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FDA has issued 3 draft guidances for the development of biosimilar versions of approved biologic products, which will help flesh out the abbreviated approval pathway created by the Patient Protection and Affordable Care Act signed into law in 2010.
FDA has issued 3 draft guidances for the development of biosimilar versions of approved biologic products, which will help flesh out the abbreviated approval pathway created by the Patient Protection and Affordable Care Act (PPACA) signed into law in 2010.
PPACA amended the Public Health Service Act under section 351(k) to create a pathway to approve biologics that are shown to be high similar, or biosimilar, or interchangeable with biologics already licensed by FDA.
The 351(k) pathway allows FDA to approve biologics that are highly similar to an existing biologic and that show no clinically meaningful differences in terms of safety, purity, and potency compared to the reference biologic. Biosimilars may be approved regardless of any minor differences in clinically inactive components compared to the reference biologic.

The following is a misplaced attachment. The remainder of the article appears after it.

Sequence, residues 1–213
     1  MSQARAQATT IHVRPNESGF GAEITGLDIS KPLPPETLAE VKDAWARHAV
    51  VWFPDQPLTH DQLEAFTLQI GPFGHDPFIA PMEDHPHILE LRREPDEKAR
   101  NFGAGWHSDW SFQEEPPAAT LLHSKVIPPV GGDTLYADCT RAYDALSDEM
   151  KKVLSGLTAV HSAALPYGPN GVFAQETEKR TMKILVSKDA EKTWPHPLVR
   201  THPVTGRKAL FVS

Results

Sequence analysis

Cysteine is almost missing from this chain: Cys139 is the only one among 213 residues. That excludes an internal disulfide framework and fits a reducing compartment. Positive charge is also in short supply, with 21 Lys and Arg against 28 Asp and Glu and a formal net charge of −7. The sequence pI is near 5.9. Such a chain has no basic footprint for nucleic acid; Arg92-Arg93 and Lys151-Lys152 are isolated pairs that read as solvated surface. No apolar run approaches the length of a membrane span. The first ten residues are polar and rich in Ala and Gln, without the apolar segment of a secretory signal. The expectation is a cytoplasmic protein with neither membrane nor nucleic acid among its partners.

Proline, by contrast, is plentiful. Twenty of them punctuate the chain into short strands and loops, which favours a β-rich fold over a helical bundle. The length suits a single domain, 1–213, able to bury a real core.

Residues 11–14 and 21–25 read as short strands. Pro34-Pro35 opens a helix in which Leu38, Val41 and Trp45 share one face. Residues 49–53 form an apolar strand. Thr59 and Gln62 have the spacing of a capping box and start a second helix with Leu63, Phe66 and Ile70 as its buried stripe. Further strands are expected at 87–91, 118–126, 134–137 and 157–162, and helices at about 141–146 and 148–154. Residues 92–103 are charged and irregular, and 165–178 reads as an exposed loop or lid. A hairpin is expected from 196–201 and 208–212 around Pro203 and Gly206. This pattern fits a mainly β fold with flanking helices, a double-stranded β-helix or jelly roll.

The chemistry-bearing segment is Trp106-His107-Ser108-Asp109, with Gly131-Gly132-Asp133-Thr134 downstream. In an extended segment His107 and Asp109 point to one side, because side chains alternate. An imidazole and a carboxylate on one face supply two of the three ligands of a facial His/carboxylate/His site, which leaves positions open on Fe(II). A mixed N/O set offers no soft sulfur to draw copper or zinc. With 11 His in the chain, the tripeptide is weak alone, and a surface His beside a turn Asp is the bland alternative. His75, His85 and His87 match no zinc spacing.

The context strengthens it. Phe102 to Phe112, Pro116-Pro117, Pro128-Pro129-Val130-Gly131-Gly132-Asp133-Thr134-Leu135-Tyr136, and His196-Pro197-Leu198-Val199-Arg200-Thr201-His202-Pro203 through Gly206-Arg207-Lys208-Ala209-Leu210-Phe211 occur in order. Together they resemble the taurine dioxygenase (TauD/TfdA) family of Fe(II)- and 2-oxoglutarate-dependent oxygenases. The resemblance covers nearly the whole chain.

The FDA published 3 separate guidance documents:
Scientific Considerations in Demonstrating Biosimilarity to a Reference Product lays out a risk-based “totality-of-the-evidence” approach to demonstrate that a proposed therapeutic protein is biosimilar to a reference product for the purpose of submitting a 351(k) application.
Quality Considerations in Demonstrating Biosimilarity to a Reference Protein Product discusses the analytical factors that should be taken into account.
Biosimilars: Questions and Answers Regarding Implementation of the Biologics Price Competition and Innovation Act of 2009 answers common questions that may arise in the early stages of the biosimilar development process.
But don’t expect to see biosimilars any time soon. The draft guidances are only a first step. FDA said it wants public comment on the proposed guidances, but has not yet told the public how, where, or when to submit comments.
FDA is playing catch-up with the European Medicines Agency, which has already approved more than a dozen biosimilars for sale in the European Union. Bernstein Research estimates that about $54 billion worth of biologics will be off patent and open for biosimilar competition by 2020. The company predicts annual biosimilar sales of up to $8 billion approximately 8 years from now.